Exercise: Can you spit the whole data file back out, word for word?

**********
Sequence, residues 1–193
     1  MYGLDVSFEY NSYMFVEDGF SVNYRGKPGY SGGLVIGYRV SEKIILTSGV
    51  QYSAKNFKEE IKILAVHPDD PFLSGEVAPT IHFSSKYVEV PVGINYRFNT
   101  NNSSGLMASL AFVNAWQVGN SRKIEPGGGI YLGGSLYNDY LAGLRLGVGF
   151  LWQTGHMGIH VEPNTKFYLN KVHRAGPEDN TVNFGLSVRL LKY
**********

Sequence, residues 1–193
     1  MYGLDVSFEY NSYMFVEDGF SVNYRGKPGY SGGLVIGYRV SEKIILTSGV
    51  QYSAKNFKEE IKILAVHPDD PFLSGEVAPT IHFSSKYVEV PVGINYRFNT
   101  NNSSGLMASL AFVNAWQVGN SRKIEPGGGI YLGGSLYNDY LAGLRLGVGF
   151  LWQTGHMGIH VEPNTKFYLN KVHRAGPEDN TVNFGLSVRL LKY